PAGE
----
At his death, Henry James had written at least 40,000 letters. D J Taylor looks at what 300 of them tell us about the writer In one of the many faintly jaundiced letters that he exchanged with Leonard Woolf during the post-war boom in Bloomsbury studies, Noel Annan once suggested that a prospective biographer "should be warned that letters, and even diaries, do not necessarily reflect the inner man".
However unexceptionable as a piece of professional advice, this kind of injunction is nevertheless the equivalent of a cold sponge applied to the back of the average biographer's neck. To be told, having waded through the stacked correspondence of some Victorian writer, that there may after all be better guides to your subject's interior life can be a deeply unsettling experience. It also tends to take the edge off the sheer excitement of delving into the crannies of a long-disappeared literary life.
With Henry James, the task of relating the letters to the life and ensuring that neither crowds the other out takes on an importance that doesn't always attach itself to a Dickens or a Thackeray. James, as even the student of Leon Edel's mammoth five-volume biography may admit, was a tricky customer: elusive, guarded, forever balancing outward surrender with an enduring reluctance to give himself away. At the time he clearly regarded his vast correspondence as an integral part of both life and art, took pains with it (he once called letter writing "the struggle of my life") and treated its practicalities with an altogether Jamesian self-consciousness. The secretary who worked for James late in his life emerged from his study exclaiming "I do enjoy his letter-writing mornings!", which suggests an aesthetic experience that went beyond the author himself.
Like many prolific Victorian correspondents, James enjoyed pretending that he delivered himself of only the flimsiest notes. A letter to H G Wells from 1902, for example, puts his recent silence down to exhausting efforts to finish a book, at which time "my correspondence then shrinks amp; shrinks - only the least explicit of my letters get themselves approximately written".
In fact, as his indefatigable editor Philip Horne swiftly demonstrates, this is complete nonsense. In a career spanning nearly 50 years and ending only a month or two before his death in 1916, James probably compiled around 40,000 written communications, of which the 300 or so printed here form only the tiniest fraction.
In common with nearly everything James wrote, what follows is an exercise - a protracted and not always decipherable exercise - in sensibility. Even a very early letter to Thomas Sergeant Perry, written during his days at the Harvard Medical School in the 1860s, has some brisk opinions to impart about current literary schemes and their probable realisation.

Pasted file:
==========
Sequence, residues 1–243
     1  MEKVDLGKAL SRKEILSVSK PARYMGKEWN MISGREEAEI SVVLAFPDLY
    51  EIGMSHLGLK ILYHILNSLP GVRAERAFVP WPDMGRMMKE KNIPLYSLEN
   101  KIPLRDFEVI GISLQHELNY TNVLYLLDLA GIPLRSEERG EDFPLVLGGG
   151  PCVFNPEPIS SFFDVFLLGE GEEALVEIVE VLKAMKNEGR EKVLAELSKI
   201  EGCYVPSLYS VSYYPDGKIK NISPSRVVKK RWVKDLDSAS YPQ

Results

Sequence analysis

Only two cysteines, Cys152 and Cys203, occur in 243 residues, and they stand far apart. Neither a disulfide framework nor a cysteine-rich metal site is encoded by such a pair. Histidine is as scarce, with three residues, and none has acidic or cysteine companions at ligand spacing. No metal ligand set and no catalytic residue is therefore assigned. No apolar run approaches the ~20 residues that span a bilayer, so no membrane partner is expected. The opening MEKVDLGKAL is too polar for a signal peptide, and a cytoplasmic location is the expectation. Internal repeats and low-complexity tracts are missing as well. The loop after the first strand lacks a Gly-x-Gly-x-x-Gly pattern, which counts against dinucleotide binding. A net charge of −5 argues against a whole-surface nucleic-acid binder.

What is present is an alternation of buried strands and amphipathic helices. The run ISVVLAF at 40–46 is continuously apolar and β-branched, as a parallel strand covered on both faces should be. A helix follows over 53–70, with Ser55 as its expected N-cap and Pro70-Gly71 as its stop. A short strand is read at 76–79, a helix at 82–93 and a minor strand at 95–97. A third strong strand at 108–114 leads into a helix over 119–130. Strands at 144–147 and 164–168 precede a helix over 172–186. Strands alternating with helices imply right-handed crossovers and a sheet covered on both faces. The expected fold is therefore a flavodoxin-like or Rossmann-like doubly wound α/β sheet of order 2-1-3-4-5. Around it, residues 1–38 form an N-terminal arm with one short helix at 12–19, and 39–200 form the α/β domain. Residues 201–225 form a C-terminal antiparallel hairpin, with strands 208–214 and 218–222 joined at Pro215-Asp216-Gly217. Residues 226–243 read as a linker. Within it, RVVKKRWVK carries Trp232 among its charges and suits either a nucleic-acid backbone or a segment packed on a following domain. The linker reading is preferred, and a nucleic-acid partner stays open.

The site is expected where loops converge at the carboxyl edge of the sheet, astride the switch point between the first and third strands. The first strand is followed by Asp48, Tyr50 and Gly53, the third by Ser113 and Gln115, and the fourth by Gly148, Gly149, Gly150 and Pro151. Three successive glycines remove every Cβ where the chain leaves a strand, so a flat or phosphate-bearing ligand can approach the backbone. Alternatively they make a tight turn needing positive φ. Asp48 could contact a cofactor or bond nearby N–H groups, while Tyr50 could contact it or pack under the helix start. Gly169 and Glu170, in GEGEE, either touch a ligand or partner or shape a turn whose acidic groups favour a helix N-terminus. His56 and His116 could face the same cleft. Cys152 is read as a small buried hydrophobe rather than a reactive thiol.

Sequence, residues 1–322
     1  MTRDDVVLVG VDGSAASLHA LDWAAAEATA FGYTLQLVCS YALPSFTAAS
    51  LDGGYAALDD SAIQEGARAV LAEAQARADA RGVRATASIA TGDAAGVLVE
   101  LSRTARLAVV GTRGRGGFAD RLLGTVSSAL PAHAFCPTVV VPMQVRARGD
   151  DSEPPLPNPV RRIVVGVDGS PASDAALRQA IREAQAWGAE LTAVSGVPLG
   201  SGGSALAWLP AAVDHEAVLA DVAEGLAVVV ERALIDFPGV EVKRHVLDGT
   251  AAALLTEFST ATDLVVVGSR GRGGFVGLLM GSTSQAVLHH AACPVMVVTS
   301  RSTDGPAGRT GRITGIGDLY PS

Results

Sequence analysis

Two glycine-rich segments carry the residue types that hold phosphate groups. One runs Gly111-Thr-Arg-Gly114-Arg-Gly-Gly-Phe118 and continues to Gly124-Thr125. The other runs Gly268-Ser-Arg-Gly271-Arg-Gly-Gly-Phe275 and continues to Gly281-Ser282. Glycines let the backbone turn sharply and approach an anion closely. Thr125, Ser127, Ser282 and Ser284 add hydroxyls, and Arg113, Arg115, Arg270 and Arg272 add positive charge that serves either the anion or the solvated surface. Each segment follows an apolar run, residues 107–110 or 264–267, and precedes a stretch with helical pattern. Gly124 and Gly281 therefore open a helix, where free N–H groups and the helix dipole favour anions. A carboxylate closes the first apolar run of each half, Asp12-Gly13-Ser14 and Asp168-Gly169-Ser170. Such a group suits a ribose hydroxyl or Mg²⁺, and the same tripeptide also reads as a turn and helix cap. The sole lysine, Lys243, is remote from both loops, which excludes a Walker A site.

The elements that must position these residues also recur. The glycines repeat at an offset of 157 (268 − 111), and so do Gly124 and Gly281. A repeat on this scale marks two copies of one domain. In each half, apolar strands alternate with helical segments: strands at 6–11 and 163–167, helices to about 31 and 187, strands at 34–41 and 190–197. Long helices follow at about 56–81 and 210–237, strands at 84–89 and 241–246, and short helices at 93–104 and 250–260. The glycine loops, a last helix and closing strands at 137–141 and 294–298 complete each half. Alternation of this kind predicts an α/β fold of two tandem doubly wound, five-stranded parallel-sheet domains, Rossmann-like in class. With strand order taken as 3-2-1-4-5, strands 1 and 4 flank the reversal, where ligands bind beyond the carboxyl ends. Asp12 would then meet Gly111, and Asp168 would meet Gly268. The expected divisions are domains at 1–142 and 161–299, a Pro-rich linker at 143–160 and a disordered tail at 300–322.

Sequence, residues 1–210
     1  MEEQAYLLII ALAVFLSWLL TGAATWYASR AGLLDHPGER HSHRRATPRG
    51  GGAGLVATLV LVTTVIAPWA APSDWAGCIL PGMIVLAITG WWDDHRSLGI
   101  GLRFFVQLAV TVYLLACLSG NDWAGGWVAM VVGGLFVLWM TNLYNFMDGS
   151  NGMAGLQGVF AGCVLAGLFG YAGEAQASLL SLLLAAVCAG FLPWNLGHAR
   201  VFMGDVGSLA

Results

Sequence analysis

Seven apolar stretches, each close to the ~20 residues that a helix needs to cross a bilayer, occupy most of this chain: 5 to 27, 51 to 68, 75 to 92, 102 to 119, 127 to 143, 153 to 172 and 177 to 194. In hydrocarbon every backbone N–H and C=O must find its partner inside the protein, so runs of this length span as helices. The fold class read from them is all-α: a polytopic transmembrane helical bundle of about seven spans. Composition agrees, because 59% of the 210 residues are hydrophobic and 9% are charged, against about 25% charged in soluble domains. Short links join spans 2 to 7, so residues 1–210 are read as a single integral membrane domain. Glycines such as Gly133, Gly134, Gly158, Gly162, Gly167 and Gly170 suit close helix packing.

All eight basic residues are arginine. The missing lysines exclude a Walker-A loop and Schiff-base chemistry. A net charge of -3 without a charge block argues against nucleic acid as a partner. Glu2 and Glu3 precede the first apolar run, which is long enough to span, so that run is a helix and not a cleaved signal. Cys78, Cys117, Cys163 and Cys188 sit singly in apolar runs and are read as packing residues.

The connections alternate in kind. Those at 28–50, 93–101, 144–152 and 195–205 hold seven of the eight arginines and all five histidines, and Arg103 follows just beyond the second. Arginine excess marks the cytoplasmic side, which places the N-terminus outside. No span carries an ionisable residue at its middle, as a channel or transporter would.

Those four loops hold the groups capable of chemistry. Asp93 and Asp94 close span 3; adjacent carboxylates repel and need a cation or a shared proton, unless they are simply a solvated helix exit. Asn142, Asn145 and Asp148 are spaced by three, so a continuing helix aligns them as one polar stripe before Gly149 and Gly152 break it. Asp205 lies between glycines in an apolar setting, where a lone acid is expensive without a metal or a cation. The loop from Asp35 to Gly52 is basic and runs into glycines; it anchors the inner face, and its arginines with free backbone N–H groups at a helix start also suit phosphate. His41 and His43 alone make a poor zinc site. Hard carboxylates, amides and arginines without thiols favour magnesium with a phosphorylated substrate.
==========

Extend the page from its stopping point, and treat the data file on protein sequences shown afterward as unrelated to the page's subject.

Later items, whether sent back from the young man's tours around Europe or celebrating his acceptance into late-Victorian literary society, represent an inexhaustible mining of lifelong Jamesian preoccupations - art and the artist, the New World and the Old, and the moral consequences of the latter's intermingling.
For all the lofty re-statements of principle and the occasional hieratic flourishes, the practical consequences of being a writer are always sharply to the fore, and there are some revealing glimpses of dealings with publishers. Frederick Macmillan was "everything that's friendly", James told his brother William, "but the delicious ring of the sovereign is conspicuous in our intercourse by its absence".
A blunt but typically amiable earlier letter finds him turning down Macmillan's offer of pound;70 for The Tragic Muse, and announcing that he is going elsewhere (in the end this threat never materialised) "but with the sustaining cheer of all the links in the chain that remain still unbroken".
However candid about pressing matters of art and philosophy, James's caution over the vexed question of himself can sometimes be rather disconcerting. No one is obliged to discuss their innermost desires in print, of course, but there is a pervasive sense here of someone stalking himself through the thickets of an enigmatic bachelor life, catching the odd, revealing glimpse of some private misgiving, and then hastening away. No doubt the grand bonfire of 1910 in which he destroyed retrieved correspondence saw off anything that James thought remotely compromising.
Philip Horne's selection, drawing on many unpublished sources and further enlivenedby biographical linking passages, is consistently engrossing, even if one could wish for more (or in the latter case anything at all) from friends like A C Benson and Thackeray's daughter, Anne Thackeray Ritchie.In his introduction, Horne talks about wanting to "refashion"the long dead "life-and-letters" genre which embalmed many a Victorian notable.
Sympathetic, scholarly, and with a knowing eye for the eternal Jamesian sense of "self", Henry James: A Life in Letters is a successful attempt to use late-Victorian biographical techniques to achieve a thoroughly modern objective.
D J Taylor's biography of Thackeray will be published by Chatto in September.